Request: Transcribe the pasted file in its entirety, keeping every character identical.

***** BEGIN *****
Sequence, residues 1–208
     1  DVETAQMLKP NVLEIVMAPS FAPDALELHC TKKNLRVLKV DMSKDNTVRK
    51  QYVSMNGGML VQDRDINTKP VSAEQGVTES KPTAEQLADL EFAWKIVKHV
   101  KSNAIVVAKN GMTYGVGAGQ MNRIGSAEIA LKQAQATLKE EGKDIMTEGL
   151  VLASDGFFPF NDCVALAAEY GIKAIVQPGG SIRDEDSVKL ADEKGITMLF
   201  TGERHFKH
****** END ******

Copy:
Sequence, residues 1–208
     1  DVETAQMLKP NVLEIVMAPS FAPDALELHC TKKNLRVLKV DMSKDNTVRK
    51  QYVSMNGGML VQDRDINTKP VSAEQGVTES KPTAEQLADL EFAWKIVKHV
   101  KSNAIVVAKN GMTYGVGAGQ MNRIGSAEIA LKQAQATLKE EGKDIMTEGL
   151  VLASDGFFPF NDCVALAAEY GIKAIVQPGG SIRDEDSVKL ADEKGITMLF
   201  TGERHFKH